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The exact time frame of the story is blurry, most likely set in the last decades of the 19th century. It was an interesting moment in Polish history, when peasants, who made up the majority of Poland and were known as chłopi, gained a national identity. Such processes were happening all over Europe. In the novel, patriotism is cultivated by Roch, a mysterious, religious wanderer, probably connected to the tragic January Uprising. His stories and legends add another layer to the novel, a mixture of mysticism, Romantic reminiscences and folk Catholicism. In one of the main plots of the novel, the inhabitants of Lipce are arguing with the local landowner for the forest, but they are also in conflict with Russian authorities.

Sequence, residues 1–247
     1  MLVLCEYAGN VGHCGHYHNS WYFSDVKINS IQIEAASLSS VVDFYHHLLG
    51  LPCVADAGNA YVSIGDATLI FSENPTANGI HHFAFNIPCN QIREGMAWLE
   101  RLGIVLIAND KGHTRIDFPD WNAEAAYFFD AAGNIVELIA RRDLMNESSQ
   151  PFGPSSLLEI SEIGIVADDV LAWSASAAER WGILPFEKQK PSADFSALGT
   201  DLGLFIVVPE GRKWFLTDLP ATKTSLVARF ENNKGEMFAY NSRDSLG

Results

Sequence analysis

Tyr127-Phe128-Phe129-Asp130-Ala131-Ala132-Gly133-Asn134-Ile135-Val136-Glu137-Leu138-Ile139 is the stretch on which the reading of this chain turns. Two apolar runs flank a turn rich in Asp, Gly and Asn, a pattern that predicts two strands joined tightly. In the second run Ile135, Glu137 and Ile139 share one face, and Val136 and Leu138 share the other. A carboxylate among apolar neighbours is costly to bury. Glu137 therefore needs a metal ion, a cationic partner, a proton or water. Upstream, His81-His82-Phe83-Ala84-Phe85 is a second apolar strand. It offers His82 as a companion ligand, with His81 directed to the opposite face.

The characters are strong and diverse, with distinguished personalities and passions. Amongst them, the most complex is Jagna. Her sensitivity and passion remind me of the tragic, self-destructive women from Tennessee Williams’s plays. She is not just beautiful and voluptuous. Jagna is very sensitive, yet somehow unable to see her own soul, to protect herself. In that aspect, she resembles Madame Bovary or Tess d’Uberville. Her beauty attracts and devastates men around her, but makes her easy prey because she lacks thick skin and a cunning nature. Her own charms turn against her when she becomes attracted to a young priest candidate, therefore transgressing one of the most important taboos of the village.